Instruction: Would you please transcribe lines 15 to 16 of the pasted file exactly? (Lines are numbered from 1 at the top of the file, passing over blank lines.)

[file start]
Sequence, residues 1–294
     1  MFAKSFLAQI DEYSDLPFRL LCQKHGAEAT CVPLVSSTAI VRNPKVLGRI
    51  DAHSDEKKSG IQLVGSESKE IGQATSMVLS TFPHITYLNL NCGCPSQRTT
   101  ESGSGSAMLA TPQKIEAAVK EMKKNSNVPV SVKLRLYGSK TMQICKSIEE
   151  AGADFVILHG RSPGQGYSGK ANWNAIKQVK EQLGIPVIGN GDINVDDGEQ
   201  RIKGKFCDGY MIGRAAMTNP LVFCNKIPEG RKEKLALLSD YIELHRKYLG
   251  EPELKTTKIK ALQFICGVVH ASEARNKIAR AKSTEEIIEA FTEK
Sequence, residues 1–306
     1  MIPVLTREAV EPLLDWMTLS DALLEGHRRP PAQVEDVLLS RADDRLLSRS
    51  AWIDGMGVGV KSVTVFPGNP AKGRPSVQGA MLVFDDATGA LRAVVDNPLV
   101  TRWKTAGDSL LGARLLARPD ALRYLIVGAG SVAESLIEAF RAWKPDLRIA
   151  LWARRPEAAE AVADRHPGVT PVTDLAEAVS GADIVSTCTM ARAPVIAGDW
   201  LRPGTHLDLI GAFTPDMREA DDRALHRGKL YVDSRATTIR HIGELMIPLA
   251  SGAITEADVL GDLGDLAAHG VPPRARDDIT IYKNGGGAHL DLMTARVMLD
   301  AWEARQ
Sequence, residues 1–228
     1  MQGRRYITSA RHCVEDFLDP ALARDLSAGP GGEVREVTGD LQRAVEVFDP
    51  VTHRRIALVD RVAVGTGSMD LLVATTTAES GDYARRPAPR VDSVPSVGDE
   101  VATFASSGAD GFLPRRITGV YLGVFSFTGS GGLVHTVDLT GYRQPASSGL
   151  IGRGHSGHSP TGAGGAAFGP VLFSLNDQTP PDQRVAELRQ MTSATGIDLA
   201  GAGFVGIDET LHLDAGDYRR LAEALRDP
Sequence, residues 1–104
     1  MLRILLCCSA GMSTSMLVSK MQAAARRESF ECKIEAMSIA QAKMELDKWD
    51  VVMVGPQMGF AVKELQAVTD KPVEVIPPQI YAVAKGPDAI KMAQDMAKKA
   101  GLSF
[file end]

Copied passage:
   301  AWEARQ
Sequence, residues 1–228